The Lilkirgynyyn are obligate carnivores. They do not appreciate this, and associate it with a curse bestowed on them for some great wrong performed by their race in the distant past. Due to the shame associated with the curse, they have a taboo against eating in public. All food is obtained by hunting; the Lilkirgynyyn consider the killing of a tame or helpless animal dishonorable, and thus do not keep livestock. However, they alarm and disgust the other races by eating the bodies of their own dead, and keeping the bones and hides for use as tools. (They do not murder each other for food, as is sometimes falsely claimed in rumors, but the body of anyone who dies of natural causes or in battle is fair game.) The Lilkirgynyyn, for their part, have trouble understanding why the other races “waste” the empty shells of their comrades by burying or burning them.
Like many canids, the Lilkirgynyyn form packs, and these constitute their basic social unit. Packs typically have three to ten members, all of whom are fiercely loyal to each other. Sometimes the descendents of a Lilkirgyn pair remain with their parents into adulthood, forming a multi-generational pack. Others leave their parents’ pack at maturity, and collect with unrelated individuals whose goals and ideals they share. The Lilkirgynyyn recognize a distinction between these two types of groups, calling the former “body packs” and the latter “mind packs.” Both types are more or less equally respected in Lilkirgynyyn culture, and each has a loosely assigned role to play in society. The body packs are seen as a conservative force, whose goal is to preserve tradition and pass down old knowledge, while the mind packs are the champions of novel ideas, and the bringers of renewal and progress. Lilkirgynyyn have one given name, and use the name of their pack as a surname, connecting them with the pronoun tyryn. Most of the significant social bonds a Lilkirgyn forms will be made with pack members; they are known for being cool and formal with anyone not belonging to their exclusive group.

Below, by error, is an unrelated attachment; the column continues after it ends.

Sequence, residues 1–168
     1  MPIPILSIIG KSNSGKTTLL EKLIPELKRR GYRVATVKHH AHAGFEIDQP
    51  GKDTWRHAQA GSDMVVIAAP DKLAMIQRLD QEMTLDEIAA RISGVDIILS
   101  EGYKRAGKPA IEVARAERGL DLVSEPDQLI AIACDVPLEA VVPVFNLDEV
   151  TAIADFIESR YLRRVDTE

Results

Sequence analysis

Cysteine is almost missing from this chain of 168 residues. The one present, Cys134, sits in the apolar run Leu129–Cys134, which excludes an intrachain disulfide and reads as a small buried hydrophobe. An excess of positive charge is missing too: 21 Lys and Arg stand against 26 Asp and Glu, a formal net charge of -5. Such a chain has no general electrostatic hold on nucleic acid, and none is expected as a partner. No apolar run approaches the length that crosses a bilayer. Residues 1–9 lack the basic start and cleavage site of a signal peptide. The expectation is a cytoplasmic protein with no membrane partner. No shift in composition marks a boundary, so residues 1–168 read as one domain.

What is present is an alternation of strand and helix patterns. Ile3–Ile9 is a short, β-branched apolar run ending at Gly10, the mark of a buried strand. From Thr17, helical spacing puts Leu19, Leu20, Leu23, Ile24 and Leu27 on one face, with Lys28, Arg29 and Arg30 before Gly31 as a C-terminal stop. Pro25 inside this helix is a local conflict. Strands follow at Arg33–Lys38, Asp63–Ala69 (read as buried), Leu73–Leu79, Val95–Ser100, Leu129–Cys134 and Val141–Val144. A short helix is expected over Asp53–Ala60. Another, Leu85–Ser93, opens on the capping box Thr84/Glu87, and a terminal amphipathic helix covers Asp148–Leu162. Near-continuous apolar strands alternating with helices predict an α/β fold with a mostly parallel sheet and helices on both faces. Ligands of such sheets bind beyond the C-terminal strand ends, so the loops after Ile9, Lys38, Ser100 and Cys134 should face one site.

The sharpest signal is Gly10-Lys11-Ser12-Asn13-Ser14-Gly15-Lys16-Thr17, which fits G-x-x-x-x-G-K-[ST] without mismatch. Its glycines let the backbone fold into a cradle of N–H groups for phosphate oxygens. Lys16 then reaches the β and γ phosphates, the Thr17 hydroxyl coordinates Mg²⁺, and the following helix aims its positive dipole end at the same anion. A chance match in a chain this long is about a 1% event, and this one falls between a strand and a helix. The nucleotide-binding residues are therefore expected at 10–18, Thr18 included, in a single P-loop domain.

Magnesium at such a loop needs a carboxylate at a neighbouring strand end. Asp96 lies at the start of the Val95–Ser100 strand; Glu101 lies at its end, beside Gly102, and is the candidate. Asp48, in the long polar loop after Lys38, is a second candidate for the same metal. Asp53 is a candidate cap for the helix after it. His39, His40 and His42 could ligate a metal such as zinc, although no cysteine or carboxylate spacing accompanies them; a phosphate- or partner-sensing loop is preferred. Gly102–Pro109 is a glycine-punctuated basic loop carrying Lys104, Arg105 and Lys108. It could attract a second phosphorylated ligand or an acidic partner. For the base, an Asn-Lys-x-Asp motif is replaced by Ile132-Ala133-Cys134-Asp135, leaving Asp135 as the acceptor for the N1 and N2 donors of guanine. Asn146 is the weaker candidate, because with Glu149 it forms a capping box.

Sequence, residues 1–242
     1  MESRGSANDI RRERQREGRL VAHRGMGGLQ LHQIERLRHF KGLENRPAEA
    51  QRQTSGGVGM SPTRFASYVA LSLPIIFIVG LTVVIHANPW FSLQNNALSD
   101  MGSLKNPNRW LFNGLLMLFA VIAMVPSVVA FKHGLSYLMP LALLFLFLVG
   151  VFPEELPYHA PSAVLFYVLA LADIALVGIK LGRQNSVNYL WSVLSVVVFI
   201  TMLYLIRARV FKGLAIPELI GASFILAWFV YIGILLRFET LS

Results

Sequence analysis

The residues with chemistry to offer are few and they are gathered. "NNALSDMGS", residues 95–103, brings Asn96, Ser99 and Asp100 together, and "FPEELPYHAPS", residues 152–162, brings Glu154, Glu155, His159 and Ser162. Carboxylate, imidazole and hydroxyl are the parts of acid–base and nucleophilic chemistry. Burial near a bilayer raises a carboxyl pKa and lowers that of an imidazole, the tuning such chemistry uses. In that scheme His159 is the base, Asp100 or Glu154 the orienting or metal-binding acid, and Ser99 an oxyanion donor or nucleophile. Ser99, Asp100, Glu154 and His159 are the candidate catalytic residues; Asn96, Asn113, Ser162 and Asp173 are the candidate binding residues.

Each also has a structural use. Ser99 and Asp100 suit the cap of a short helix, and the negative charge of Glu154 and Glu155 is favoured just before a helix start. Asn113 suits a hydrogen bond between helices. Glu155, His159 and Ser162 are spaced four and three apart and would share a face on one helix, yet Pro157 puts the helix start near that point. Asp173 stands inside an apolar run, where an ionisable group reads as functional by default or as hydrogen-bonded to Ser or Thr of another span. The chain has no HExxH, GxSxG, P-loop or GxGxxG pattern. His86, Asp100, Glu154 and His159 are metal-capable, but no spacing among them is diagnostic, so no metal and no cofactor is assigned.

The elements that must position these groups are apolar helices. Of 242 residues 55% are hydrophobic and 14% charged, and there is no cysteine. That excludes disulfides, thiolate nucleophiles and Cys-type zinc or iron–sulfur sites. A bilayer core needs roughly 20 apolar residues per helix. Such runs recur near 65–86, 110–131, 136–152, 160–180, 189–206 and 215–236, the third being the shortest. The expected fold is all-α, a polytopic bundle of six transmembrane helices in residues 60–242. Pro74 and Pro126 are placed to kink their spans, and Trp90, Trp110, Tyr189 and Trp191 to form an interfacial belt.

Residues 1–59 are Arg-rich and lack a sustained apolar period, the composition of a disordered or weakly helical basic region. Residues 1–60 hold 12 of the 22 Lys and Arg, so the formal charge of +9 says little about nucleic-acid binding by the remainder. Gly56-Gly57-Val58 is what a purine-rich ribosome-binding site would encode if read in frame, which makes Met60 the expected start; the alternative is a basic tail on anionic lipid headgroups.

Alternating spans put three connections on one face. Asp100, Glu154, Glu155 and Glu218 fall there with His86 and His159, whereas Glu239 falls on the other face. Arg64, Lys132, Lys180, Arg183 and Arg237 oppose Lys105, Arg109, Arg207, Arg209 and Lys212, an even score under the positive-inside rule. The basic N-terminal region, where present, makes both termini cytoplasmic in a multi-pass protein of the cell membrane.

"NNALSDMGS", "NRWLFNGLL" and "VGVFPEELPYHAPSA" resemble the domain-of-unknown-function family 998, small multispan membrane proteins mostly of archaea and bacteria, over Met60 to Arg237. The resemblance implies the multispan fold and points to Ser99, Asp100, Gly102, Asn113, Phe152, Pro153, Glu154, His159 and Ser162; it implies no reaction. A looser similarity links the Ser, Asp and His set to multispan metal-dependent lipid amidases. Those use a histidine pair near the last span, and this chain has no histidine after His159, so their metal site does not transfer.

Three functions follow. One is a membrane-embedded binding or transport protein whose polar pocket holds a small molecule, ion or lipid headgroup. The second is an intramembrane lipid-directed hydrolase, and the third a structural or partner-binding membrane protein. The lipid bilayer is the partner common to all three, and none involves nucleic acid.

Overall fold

Once firmly entrenched in a pack, a young Lilkirgyn will usually remain with that pack for life, unless he marries a member of a different pack. When this happens, either one of the pair will join the other’s pack, or the two will split off on their own, hoping to become the founding members of a new body pack. The departure of an established member is always trying for a pack, and many of the murders in Lilkirgyn society are motivated by the pack’s jealousy against a lover who is preparing to “steal” one of their companions. It might even be accurate to say that, for the Lilkirgynyyn, pack bonds are generally stronger than pair bonds. Fortunately, young Lilkirgynyyn develop romantic attachments early, and lovers usually end up joining the same pack to begin with. Hence stressful pack splits are relatively uncommon. Although the Lilkirgynyyn take marriage very seriously once it has been entered into, they are less likely to marry in the first place than are most of the other races. About a third of the population remain single (and, usually, celibate) for their entire lives. This behavior partially accounts for the race’s slow rate of population growth. Single Lilkirgynyyn participate in the raising of other pack members' children.